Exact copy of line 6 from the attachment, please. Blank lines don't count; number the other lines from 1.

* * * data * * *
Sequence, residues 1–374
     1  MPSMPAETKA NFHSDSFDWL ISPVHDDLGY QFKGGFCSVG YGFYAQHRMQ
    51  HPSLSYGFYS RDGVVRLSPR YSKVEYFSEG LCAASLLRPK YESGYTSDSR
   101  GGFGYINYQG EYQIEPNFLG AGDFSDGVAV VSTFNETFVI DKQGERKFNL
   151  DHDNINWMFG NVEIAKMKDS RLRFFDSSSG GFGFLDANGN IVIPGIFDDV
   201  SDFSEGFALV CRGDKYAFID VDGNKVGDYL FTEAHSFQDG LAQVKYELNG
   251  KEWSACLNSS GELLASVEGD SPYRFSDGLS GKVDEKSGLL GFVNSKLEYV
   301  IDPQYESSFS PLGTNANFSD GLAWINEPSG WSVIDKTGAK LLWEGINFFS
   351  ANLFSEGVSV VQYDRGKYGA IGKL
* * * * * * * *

   201  SDFSEGFALV CRGDKYAFID VDGNKVGDYL FTEAHSFQDG LAQVKYELNG